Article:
My #1 Job as a Strength Coach

Whenever I encounter a group of athletes I’m about to work with, my initial welcome speech goes something like this:

“When done correctly, exercise can do a lot of things to help you in (insert sport here). It can make you bigger, faster, stronger and more athletic”

I’ll then ask the all important question – “What was the most important thing I just said?”

Because my athletes are usually 13-17, the answers are always invariably one of:

“better at (sport)”,



Not to be unexpected – they are teenagers – but you can see where this is going…

The most important thing was actually “When done correctly”!

That’s right. The #2 job of the strength coach is actually to get you bigger, faster, stronger or more athletic. The #1 role, which will forever be the #1 role, is to keep you safe and on the field of play. To be on the field, you need to be healthy. And the weight room is the last place I’m going to have any athlete (or any individual) compromise their health.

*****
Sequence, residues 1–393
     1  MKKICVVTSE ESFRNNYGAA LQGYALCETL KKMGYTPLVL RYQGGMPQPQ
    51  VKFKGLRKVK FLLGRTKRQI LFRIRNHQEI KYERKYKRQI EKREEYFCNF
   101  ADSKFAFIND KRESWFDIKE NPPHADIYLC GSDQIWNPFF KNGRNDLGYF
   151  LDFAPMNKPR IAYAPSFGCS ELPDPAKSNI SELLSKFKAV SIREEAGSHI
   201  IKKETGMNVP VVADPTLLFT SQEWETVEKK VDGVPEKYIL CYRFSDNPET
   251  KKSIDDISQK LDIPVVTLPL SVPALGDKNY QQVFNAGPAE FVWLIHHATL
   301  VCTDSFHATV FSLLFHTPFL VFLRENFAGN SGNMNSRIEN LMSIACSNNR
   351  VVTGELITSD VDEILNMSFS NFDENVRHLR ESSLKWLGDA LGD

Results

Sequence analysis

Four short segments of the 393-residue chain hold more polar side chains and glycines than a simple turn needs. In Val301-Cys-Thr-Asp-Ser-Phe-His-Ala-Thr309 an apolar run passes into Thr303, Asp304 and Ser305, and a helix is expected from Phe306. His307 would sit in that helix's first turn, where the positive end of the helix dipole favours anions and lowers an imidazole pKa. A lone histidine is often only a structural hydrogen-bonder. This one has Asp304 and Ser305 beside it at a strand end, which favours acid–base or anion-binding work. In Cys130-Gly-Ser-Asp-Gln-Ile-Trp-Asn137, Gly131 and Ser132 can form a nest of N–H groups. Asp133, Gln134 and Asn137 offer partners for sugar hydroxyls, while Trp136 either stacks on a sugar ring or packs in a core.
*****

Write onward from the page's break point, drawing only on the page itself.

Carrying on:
There are a few ways I can do my best to reduce your injury risk. I will never reduce all injuries, but if I can reduce many non-contact injuries, that is a huge plus. I do that by through my program design.

Whenever I have an athlete, I want to give them the best possible program. To do that, I need to know their strengths, deficiencies, and their movement habits. Otherwise, the program will always be sub-optimal. Standard programs can be performed safely and effectively with proper coaching, and any good coach will not let an athlete do a potentially harmful activity. In the instances where for some reason I can’t assess all the athletes and have a base program for them, I am very hypersensitive to their initial technique in a lift, oftentimes which I’m having them do with either no resistance at all or very little in their first sessions. This allows me to ensure the highest degree of safety. However, this is my least favourite situation. I do my best to limit or disregard these scenarios, which will be the topic of a future post.

Bar none, the best way to ensure safety and effective program design is to screen and assess athletes for their habits. My next article is going to continue this, and will help you understand why I am insistent on performing a movement screen before beginning my work with an athlete.

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